Aviva Heyn leads online course development and testing services at the Division of Professional and Continuing Studies. She has experience applying educational technologies, including simulations and gaming, for second language learning, cross-cultural communication, and soft skills. She holds a BA in in Art History, Sociology, and Anthropology, and a MA in Social Anthropology, both from the Hebrew University in Jerusalem, Israel.

Karen Hoober

Karen Hoober

Assistant Director for Graduate Education and Outreach, Center for Bioinformatics & Computational Biology (CBCB)

Dr. Hoober is the primary resource for all students and faculty about matters concerning degree requirements, curriculum options and academic policies in all stages of student progression through the Bioinformatics graduate programs. She manages CBCB graduate programs, including cross-campus coordination and program assessment, and leads development projects to expand the PhD, Master’s (MS/PSM) and Graduate Certificate programs. Karen has over 15 years’ experience teaching biochemistry, mentoring students, and developing course curriculum. She teaches CHEM214 Elementary Biochemistry and CHEM106 Elementary Bioorganic Chemistry.

Hannah Kim

Hannah Kim

Assistant Professor and Co-coordinator of the Social Studies Education Program, Department of History

Hannah Kim studies U.S. and Korean relations in the early to mid-twentieth century. Her dissertation examined how a transnational community of people such as missionaries, mission board members, academics, journalists, expatriates, adoptive parents, and government officials helped shape American perceptions of Korea and Koreans.  Hannah received her B.A. from Bryn Mawr College and her Ph.D. from the University of Delaware.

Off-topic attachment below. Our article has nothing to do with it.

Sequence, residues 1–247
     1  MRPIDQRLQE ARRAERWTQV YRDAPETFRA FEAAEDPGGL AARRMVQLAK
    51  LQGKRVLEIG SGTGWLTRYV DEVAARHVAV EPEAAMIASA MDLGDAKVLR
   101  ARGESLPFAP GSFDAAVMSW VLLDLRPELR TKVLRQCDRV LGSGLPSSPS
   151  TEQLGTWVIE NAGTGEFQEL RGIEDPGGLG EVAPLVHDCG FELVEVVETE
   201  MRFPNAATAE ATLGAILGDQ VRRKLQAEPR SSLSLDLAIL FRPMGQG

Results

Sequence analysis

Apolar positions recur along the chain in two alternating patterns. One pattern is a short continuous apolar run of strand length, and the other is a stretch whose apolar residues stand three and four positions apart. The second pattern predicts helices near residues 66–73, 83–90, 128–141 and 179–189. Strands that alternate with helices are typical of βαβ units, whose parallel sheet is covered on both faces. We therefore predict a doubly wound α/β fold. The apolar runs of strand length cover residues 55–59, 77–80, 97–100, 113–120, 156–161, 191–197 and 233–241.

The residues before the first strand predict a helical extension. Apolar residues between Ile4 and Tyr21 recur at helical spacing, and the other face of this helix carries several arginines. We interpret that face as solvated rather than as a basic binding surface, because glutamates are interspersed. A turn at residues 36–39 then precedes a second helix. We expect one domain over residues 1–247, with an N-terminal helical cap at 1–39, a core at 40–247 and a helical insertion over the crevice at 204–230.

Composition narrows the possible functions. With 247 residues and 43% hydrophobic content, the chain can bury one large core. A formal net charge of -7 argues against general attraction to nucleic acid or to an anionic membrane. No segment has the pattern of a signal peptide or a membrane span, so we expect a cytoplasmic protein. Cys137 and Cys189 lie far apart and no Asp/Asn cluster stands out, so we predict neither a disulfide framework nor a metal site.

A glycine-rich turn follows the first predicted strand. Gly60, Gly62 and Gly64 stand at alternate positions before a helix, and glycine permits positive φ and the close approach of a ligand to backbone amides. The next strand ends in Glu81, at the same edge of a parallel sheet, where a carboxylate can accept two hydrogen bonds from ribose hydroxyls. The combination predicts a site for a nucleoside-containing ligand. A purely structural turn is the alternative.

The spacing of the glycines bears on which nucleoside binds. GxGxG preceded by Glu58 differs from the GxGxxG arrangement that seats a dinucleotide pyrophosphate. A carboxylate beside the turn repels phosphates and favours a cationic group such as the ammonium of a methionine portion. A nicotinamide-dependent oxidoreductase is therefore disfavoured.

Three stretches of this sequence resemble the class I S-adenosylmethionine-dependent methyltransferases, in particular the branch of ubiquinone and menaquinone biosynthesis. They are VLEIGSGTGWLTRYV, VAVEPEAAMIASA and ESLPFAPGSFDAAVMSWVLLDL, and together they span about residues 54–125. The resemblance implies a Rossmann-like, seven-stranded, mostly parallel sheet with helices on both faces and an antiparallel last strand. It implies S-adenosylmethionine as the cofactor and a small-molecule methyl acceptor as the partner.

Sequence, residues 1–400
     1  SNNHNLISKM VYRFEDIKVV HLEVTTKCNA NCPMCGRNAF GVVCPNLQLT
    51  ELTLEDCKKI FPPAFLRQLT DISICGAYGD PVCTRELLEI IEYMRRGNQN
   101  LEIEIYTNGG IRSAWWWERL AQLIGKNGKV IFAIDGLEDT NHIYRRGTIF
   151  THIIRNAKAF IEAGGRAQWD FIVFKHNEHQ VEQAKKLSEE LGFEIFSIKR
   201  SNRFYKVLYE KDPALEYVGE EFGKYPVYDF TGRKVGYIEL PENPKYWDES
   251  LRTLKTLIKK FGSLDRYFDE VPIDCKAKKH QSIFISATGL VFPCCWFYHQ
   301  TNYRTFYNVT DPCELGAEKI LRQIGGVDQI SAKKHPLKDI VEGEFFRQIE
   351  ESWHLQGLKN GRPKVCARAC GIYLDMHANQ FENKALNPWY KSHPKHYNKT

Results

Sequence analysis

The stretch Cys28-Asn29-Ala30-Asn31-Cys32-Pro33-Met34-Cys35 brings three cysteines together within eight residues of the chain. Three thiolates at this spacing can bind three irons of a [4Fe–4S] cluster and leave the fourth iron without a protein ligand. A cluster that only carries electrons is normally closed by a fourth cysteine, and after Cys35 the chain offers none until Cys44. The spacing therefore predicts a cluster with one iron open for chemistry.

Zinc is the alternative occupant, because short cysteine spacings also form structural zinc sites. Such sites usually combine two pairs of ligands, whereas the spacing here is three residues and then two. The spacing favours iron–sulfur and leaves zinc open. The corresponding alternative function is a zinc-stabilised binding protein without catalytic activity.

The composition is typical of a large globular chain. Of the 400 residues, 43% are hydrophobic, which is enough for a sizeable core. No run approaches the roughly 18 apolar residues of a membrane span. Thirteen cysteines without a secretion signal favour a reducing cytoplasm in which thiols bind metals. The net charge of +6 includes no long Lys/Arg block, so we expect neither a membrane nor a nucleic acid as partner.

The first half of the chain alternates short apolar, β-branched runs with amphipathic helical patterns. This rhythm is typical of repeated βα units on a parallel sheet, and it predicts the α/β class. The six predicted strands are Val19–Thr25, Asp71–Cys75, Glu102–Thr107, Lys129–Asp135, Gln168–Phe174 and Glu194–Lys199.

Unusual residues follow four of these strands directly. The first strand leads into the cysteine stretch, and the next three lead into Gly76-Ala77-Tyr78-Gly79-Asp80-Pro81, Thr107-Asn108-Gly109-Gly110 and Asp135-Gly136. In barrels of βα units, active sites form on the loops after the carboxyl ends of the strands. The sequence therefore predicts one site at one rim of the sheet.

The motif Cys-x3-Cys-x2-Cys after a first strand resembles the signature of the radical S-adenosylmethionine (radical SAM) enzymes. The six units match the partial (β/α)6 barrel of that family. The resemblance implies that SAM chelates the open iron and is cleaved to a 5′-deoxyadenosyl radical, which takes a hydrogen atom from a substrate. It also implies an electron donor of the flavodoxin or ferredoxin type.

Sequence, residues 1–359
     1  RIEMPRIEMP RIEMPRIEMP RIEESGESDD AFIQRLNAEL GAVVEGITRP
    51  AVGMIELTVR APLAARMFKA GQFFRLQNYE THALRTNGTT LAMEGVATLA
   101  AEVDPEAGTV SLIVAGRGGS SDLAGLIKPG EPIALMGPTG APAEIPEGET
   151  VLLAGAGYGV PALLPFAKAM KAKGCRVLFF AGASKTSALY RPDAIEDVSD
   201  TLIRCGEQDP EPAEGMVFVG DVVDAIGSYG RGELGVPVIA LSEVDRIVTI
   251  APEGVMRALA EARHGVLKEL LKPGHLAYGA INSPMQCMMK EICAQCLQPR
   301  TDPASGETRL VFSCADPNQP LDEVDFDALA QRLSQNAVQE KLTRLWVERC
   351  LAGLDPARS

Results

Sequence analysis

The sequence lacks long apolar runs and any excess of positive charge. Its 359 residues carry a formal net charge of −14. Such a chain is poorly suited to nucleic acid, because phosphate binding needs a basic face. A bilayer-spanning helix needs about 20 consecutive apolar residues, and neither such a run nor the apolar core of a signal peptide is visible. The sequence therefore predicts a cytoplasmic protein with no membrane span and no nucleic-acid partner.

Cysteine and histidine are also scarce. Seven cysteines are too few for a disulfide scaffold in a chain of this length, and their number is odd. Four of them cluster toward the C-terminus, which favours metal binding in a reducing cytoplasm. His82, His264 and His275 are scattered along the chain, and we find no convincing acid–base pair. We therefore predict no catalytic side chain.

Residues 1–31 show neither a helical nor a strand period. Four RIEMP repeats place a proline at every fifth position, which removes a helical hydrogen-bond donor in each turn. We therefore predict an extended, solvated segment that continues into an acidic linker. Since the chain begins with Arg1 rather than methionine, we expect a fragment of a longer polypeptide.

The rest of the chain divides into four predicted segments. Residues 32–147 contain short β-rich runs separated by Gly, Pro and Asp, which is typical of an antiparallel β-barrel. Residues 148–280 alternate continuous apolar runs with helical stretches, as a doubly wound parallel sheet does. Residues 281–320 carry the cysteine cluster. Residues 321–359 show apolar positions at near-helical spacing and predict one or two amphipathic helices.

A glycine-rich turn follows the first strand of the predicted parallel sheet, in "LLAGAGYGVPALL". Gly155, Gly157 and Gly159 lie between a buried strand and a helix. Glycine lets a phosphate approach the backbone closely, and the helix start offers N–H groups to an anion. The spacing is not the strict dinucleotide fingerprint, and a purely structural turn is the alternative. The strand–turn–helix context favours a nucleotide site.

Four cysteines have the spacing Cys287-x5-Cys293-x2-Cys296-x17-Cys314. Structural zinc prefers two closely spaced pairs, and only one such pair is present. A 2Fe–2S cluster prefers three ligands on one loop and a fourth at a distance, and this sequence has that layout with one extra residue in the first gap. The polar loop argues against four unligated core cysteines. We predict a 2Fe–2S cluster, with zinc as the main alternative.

Jennifer L. Lambe

Associate Professor in the Department of Communication and Senior Fellow at the Center for Political Communication

Jenny Lambe is an associate professor in the Communication Department at the University of Delaware.  She received her Ph.D. from the University of Minnesota.  Her research interests lie at the intersection between media ethics, freedom of expression, and media effects.  She is particularly interested in exploring non-governmental sources of media accountability, and understanding public opinion about these issues.

Bill Lewis

Bill Lewis

Associate Professor of Literacy Education, School of Education | University of Delaware

Bill works with in-service teachers and pre-service teacher candidates in the School of Education. Bill teaches graduate and undergraduate courses in literacy methods, young adult literature, and courses in standards and curriculum. Before he came to the University of Delaware, he spent 20 years teaching high school English in Pennsylvania public schools. These varied instructional experiences have helped Bill to understand the crucial role that background knowledge plays in students’ ability to engage with complex disciplinary texts, and in students’ overall academic performance. Providing students with explicit purposes for reading, engaging them in activities that build relevant background knowledge, and supporting them as they construct understanding leads to more successful students and to a more engaging educational experience for both students and their instructors.

Sandy McVey

Sandy McVey

IT Educational Technology Consultant II, ATS

With certifications in PowerPoint, Excel, and Word, Sandy can ensure that you’re in good hands if you want to revamp your teaching materials. Vested with a Google I.Q. you’ve found an ideal partner to help develop activities using the Google Apps at UD product line. Cheekily known as “Clicker Girl,” Sandy leads discussion around in-class student engagement utilizing polling tools. Clients comment that her strong technical knowledge wrapped in her personable approach help them re-imagine classroom activities. When not talking tech you’ll find Sandy in the garden or creating unique floral designs.